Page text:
Lumber prices triple over last year and continue to increase
WAUSAU, Wis. (WSAW) - Lumber prices have tripled in a year as demand for building supplies remains high, but builders fear the prices will hit a point where consumers will not be able to sustain. Builders had hoped the prices would have subsided by spring, but the reality is the opposite.
There are a variety of factors that have impacted the price of lumber and other building supplies. One of the biggest has been the initial blow of the pandemic last spring.
A ripple effect
“When it first happened, we went into the shutdown, I mean, business was falling off,” Geoff Borst, the Builders FirstSource general manager in Wausau said.
He explained he and other suppliers did not stock up for the building season in the way they typically do so as not to have expensive wood sitting in storage with no place to go. Suppliers were not the only ones to do that.
“The lumber mills and the lumber industry made the calculation that housing was also going to come to a complete stop and it didn’t,” Jim Tobin, the executive vice president of government affairs for the National Association of Home Builders said.
“When things went the other direction, everyone was caught,” Borst stated.
He said since the June boom, the industry has not been able to catch the supply up with the demand, especially when manufacturing plants and mills had to close due to outbreaks or reduce staff sizes.
“We have a trust plant in De Pere,” Borst began. “We had to shut that down because of a breakout of COVID and it just compounds that being behind and not catching up.”
The U.S. production of lumber also cannot keep up with demand in a typical year. The U.S. imports about 30% of its lumber supply from Canada, which currently has a 10% tariff on those products.
“We are imploring the Biden Administration to enter into a new Canadian softwood lumber agreement with our trading partners to the north,” Tobin urged. “We think that would help supply issues and also pricing issues.”
“(We’re) also asking for domestic producers to ramp up production,” the executive director of the Wisconsin Builders Association Brad Boycks said. “You know, if we could get a cut of that lumber coming over from Canada, couple that with increased production, that would hopefully go a long way to bring that price down.”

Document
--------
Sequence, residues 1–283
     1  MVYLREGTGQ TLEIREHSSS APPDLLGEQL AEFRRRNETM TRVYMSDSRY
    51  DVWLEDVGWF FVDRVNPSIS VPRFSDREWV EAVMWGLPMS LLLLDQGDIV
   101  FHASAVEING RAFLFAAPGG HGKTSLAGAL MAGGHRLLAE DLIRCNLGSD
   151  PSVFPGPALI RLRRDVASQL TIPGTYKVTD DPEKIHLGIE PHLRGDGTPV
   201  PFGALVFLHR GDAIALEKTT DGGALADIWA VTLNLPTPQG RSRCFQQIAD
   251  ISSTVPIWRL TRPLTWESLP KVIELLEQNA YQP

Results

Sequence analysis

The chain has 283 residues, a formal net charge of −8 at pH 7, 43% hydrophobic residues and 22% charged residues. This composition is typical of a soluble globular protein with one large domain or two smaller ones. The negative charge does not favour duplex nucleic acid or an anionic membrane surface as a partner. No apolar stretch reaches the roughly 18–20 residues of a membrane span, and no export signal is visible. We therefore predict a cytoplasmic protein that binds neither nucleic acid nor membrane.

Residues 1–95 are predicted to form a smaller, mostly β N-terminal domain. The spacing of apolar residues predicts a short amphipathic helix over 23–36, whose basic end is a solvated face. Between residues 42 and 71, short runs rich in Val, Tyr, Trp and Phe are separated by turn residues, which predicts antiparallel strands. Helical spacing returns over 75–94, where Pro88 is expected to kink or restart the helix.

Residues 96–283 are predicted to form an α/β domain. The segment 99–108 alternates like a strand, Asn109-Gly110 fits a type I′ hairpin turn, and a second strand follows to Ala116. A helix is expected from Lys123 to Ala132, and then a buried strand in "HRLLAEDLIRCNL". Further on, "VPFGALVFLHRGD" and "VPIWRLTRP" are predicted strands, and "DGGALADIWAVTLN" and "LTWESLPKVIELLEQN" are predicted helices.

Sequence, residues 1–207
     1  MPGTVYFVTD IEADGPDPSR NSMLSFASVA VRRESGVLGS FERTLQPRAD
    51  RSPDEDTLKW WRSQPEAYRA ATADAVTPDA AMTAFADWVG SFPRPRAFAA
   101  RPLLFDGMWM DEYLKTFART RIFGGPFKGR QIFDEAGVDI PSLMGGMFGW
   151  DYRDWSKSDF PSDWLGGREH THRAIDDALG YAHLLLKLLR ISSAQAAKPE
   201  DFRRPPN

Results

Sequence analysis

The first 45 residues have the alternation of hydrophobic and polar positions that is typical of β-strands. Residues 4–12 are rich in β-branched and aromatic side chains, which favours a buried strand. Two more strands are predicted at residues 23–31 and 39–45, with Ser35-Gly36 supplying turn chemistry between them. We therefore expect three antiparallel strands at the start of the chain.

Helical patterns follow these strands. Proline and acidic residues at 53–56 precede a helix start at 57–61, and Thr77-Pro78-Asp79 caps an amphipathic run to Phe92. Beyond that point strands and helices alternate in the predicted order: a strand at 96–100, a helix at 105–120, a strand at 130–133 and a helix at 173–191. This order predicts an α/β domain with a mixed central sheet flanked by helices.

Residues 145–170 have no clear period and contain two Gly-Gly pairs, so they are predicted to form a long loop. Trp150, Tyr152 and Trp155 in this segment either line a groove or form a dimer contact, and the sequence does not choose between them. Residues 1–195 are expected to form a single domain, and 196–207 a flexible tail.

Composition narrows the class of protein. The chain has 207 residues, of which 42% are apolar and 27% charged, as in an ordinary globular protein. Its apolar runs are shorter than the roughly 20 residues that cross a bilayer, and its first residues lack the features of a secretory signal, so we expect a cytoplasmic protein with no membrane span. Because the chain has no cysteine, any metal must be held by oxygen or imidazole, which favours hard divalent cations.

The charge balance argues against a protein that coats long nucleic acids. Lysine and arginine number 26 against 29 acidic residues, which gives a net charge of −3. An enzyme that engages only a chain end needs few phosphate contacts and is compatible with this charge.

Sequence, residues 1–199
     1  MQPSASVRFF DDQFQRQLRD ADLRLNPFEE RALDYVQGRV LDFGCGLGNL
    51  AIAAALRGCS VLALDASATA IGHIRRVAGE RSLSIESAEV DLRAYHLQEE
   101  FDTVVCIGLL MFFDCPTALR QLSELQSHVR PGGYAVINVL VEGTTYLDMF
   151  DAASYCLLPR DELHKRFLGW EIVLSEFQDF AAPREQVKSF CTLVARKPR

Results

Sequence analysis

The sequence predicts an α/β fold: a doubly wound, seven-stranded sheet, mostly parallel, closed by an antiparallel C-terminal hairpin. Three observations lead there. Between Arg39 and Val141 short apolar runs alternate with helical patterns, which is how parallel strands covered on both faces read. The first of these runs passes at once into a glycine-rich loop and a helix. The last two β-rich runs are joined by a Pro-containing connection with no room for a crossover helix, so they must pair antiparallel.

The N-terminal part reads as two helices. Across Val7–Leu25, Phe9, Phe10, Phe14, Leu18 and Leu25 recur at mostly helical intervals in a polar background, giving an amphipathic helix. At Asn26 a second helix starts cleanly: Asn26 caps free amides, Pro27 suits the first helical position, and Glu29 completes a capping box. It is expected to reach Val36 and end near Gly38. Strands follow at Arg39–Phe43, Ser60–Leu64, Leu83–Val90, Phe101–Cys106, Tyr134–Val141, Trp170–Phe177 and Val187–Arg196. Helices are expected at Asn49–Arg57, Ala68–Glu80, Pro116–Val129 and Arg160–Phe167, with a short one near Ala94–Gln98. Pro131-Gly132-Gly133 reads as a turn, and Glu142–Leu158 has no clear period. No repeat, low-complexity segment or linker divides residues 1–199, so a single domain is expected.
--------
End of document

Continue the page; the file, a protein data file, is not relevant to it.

On top of that, other supplies like resin to make some of the lumber materials as well as parts for windows and doors that are made overseas have also dealt with COVID-19 closures and impacts, reducing the availability and bring up the cost. The cost of plywood or OSB, Boycks stated, went from $582 per thousand board feet in the last lumber price spike in 2018 to more than $1,300 currently.
“The real victim here is the American consumer”
“We’re looking at $24,000 more for a single-family home,” stated Boycks. “That’s just going back one year; that’s from April 2020. Also, multifamily homes are about a $9,000 increase, so these are substantial increases to the cost of housing.”
There was already a housing crisis before the pandemic. It was a crisis of having enough affordable housing, as home prices continue to increase and younger generations are strapped with mounting debt. It also was about having enough homes for the demand, as many people in the Baby Boomer population decided to stay in their family-size homes at the same time their children and the generation before them have entered the family-home buying market.
Tobin said there is about a two-month supply of existing homes for sale currently, which does not meet the demand for housing. Building new homes and apartments have been the source to meet the demand for housing, but the country is still falling short.
“We’re going to build about 1.4 million homes, single-family homes, and apartments this year; we need to build about 1.6 (million) to keep up with demand,” Tobin explained.
The Wisconsin Builders Association released data showing a 35% increase in the number of home building permits from January-March 2020 to the same period in 2021. That is the time of year builders typically are slow. Borst said it never let up this year.
Prices of homes continue to go up too. Borst said the weekly pricing sheets he receives from manufacturers went up in price by 10-15% depending upon the commodity in a month’s time.
“How do you build a house when you don’t know how much it’s going to cost from conception to moving in,” he asked.
However, Borst said in speaking with his customers, people want to move forward now with their home or project despite the cost for fear it will only increase more. Borst stated while business is booming, they are lowering their profit margins to help cushion some of that extra cost. Tobin said the mills are the ones benefitting the most out of this situation.
“The one fear lingering out there (is) that these costs continue to increase and some people that were, you know, still moving forward with the project that at some point, that price point is going to be too much and they’re going to say I can’t move forward with the project,” Boycks said. “So, it would be a shame when the industry is in such good shape and people, seemingly, have a little extra money to spend, low-interest rates, if we get caught up and have to have a significant decrease because of these escalating lumber costs.”
“The real victim here is the American consumer and the American homeowner and renter,” Tobin stated. “That’s who’s really bearing the brunt here.”
Builders, of course, encourage people to continue building but urge people to plan now and keep in contact with their builder and they asked for patience.
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